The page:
“It is difficult to remain a bystander in any situation of conflict.”
I am lucky enough to say that I have never been a part of a large scale conflict - I was born after the world wars, the vietnam war, have lived miles away from any bombing that has happened in my life, yet I strongly agree that it is difficult to remain a bystander in any situation of conflict.
Even with the scaled-down conflict that I have experienced, I personally CANNOT remain a bystander. The same goes for the rest of the population, some people have the urge to confront conflict head on, others have the urge to run away. The same can be said on a larger scale, world scale. Nations respond differently to conflict - In 1941, the Japanese decided to bomb pearl harbour, thinking that this would deter the United States from entering the war. The President of the U.S at the time, Franklin D. Roosevelt, had one of 2 choices, give into the Japanese or attack - Roosevelt chose to attack, eventually winning the war against the Axis. This is one of the largest examples of how people react to conflict, and how much it can have an impact on society: If Roosevelt decided to remain a bystander and not partake in the war, how would society be different today?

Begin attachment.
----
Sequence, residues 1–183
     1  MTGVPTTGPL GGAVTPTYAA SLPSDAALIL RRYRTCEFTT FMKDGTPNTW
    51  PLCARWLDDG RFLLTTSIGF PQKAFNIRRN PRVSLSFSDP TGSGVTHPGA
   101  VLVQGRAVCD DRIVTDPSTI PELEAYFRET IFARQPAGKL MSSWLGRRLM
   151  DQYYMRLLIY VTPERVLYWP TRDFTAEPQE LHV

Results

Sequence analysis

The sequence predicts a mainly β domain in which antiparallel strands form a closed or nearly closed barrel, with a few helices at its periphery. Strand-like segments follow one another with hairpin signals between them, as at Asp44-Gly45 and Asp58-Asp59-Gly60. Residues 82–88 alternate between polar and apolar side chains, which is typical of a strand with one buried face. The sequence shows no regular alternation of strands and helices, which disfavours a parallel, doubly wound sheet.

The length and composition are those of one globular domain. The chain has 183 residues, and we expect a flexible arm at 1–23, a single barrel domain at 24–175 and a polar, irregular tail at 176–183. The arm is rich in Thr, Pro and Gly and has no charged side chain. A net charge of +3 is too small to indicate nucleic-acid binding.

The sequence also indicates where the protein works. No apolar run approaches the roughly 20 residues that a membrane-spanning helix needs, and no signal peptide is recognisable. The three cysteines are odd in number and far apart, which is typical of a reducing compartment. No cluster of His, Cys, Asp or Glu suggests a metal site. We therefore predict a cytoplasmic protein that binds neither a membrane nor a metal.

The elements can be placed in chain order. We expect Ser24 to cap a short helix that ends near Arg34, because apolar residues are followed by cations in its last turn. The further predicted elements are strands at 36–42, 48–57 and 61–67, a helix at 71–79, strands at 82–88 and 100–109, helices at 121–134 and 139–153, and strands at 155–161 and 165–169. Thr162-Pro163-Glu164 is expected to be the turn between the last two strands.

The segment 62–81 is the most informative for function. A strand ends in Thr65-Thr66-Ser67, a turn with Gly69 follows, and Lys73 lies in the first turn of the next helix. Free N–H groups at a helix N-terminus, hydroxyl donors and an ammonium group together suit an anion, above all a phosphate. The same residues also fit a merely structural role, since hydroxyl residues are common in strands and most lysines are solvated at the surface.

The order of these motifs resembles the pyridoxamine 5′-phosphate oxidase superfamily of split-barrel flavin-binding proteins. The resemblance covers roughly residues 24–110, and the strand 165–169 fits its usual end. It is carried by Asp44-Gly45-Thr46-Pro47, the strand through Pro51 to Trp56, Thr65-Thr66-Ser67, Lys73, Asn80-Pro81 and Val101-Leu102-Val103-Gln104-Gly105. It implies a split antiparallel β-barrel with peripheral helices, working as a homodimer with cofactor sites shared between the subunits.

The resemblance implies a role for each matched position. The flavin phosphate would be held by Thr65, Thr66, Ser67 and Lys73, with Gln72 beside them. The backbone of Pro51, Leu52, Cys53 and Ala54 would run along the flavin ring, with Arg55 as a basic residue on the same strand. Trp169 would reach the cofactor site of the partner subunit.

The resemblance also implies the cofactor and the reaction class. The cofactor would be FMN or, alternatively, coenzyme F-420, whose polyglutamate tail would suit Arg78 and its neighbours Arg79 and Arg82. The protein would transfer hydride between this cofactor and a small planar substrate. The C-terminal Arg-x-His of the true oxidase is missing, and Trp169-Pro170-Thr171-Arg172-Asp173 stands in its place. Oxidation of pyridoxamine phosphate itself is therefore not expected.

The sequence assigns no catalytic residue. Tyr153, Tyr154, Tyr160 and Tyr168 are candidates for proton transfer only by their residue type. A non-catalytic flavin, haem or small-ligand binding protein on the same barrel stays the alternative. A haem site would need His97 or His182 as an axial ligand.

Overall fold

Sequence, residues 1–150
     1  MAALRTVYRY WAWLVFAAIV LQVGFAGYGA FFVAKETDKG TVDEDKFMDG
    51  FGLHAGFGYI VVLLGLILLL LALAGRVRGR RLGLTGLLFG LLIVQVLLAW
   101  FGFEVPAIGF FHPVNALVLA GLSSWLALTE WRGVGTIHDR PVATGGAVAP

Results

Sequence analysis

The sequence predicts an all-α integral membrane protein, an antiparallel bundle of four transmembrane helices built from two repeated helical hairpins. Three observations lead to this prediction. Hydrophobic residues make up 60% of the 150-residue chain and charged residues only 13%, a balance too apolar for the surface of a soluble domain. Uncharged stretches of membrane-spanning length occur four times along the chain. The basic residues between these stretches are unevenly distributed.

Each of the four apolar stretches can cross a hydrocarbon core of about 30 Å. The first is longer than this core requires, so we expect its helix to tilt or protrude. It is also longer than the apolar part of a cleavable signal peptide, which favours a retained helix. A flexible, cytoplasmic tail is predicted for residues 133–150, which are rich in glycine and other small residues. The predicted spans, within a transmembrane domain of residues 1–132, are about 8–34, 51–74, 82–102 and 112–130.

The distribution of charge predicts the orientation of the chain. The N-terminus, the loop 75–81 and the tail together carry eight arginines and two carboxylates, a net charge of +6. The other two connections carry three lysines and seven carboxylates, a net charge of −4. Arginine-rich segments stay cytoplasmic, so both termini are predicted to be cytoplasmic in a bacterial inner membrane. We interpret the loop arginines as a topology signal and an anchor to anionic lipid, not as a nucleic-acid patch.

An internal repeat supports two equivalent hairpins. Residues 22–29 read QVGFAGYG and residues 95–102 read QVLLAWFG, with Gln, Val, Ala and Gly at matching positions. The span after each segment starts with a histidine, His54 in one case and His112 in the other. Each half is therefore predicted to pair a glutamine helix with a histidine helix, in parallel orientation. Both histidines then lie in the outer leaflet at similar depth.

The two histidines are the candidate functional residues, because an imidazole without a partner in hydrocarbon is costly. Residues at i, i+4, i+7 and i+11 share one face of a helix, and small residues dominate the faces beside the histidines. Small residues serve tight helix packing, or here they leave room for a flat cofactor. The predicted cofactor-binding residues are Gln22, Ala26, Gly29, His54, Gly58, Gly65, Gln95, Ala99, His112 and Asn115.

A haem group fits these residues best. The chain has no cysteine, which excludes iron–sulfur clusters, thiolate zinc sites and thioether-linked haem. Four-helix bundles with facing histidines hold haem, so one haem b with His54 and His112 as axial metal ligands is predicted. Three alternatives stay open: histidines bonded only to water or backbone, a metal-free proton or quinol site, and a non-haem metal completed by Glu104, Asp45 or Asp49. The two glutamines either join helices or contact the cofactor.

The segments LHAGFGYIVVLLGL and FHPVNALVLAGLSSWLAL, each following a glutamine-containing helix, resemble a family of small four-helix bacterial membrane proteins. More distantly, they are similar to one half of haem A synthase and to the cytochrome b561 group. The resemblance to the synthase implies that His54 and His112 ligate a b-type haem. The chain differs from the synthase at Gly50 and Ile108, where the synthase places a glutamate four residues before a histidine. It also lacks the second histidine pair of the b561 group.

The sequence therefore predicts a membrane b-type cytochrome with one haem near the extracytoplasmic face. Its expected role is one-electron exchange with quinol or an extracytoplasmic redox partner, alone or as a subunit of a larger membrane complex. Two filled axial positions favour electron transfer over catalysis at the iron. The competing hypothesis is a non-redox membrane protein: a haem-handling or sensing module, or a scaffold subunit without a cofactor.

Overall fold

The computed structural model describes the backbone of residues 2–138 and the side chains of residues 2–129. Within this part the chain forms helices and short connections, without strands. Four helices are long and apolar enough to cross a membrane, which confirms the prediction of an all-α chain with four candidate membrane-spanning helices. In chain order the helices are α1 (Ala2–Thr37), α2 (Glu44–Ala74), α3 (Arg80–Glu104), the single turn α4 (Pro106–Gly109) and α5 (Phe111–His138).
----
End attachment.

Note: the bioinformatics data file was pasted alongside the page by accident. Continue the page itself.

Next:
A small town in Northern Ireland, Omagh, saw one of the most controversial bombings of all time, appropriately named the “Omagh Bombing.” 22 people died when the RIRA (Real Irish Republican Army) parked a car bomb in a street in the town centre, their purpose was to cause havoc - one small step in a large scale operation to secure Northern Ireland’s freedom from the United Kingdom. The families of the victims could not remain bystanders, instead they formed an independent group “Omagh Support and Self Help group” to try and bring justice when everyone, even the police, knew who the culprits were, yet no arrests were made.
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